PRESIDENT CLINTON, a master-player at legislative poker, has once again walked away with all the chips. Left high and dry and broke are congressional Republicans. Many believe their divided leadership goofed on the disaster-aid bill for the stricken upper Midwest in much the same way it lost the battle for public opinion in the 1995 shutting down of the government.
At the insistence of hard-edge ideological conservatives, the leadership tried to load up the highly popular aid appropriation with two loser issues. One would have blocked computer sampling to prevent the undercounting of blacks and Hispanics in the next Census. The other would have mandated a continuing resolution to prevent another government shutdown in event of stalemate in the budget.
The first runs counter to professed GOP interest in minority voters; the second merely reminded citizens of how Republican insistence on a "Contract with America" agenda brought the government to a halt 18 months ago.
For critics, one did not have to turn to the Democrats. Rep. Robert L. Ehrlich, the GOP congressman from Maryland's Second District, described the debacle as "really flawed policy badly executed." "Why do we always have these lines in the sand and then withdraw?" demanded GOP Rep. Marge Roukema of New Jersey.
The fiasco exposed deep divisions among House Republicans, with Speaker Newt Gingrich and Appropriations Committee chairman Robert Livingston opposed to the bill-loading strategy and the Texas triumvirate of House majority leader Dick Armey, House whip Tom DeLay and Ways and Means Committee HTC chairman Bill Archer all for it. Mr. Armey came out of the negotiations claiming a victory in meaningless Democratic promises to study and debate the GOP hobby-horses. "I don't know how anybody in their right mind could think that," replied Rep. John Thune, a Republican from hard-hit South Dakota. Mr. Livingston sarcastically said his defeated GOP leadership had delivered "a perfect bill" stripped of amendments a successful Clinton veto eliminated.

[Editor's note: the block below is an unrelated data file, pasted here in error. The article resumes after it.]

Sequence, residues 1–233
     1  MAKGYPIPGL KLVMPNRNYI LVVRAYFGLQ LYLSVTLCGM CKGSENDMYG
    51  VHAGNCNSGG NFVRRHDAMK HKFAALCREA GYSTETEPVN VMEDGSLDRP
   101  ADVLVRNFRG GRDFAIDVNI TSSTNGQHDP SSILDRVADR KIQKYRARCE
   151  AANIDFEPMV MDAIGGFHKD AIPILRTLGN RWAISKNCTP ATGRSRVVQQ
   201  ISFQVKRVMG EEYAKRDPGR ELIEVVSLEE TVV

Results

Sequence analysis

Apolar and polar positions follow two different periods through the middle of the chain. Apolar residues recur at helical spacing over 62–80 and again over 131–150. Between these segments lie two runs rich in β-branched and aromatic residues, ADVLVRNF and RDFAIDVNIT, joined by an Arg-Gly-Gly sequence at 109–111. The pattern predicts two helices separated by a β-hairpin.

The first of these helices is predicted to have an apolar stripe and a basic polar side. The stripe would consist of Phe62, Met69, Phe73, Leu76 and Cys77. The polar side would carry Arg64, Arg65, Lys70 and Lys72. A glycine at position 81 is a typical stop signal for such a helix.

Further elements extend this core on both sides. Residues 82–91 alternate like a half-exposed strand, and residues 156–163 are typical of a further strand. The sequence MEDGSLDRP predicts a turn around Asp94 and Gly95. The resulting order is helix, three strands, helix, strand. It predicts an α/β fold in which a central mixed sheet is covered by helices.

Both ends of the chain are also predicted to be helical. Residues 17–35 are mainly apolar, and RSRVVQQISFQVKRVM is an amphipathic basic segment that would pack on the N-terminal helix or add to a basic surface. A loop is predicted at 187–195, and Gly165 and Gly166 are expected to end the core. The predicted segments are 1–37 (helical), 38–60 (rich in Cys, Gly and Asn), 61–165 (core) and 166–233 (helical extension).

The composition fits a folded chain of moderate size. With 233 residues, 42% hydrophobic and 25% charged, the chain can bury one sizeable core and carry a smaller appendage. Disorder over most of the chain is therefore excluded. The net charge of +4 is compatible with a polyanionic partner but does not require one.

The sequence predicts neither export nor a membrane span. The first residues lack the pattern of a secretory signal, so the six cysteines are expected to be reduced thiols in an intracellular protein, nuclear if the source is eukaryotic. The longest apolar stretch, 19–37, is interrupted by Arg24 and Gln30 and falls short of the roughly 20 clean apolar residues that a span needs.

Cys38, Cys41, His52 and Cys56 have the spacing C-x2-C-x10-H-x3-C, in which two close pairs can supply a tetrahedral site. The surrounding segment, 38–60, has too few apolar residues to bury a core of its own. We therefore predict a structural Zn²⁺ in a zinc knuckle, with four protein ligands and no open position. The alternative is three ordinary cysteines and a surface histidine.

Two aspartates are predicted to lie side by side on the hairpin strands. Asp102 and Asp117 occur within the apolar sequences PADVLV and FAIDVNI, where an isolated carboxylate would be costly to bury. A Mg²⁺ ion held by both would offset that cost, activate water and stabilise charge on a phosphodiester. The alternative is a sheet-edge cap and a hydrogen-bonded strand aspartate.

The whole performance also dimmed the luster of Senate majority leader Trent Lott, who openly worked to execute a Republican retreat but then joined Armey & Co. in voting against the bill knowing Democratic votes would ensure passage. What appeared to irritate some in the Republican rank-and-file was that their party handed victory to a Democratic president hobbled on such other issues as China policy and adultery-in-the-military by his own personal and fund-raising history.
Will the GOP learn from this latest drubbing that the better way to deal with poker-master Clinton is through a shrewd, pragmatic, moderate course of action? Don't count on it.
Pub Date: 6/14/97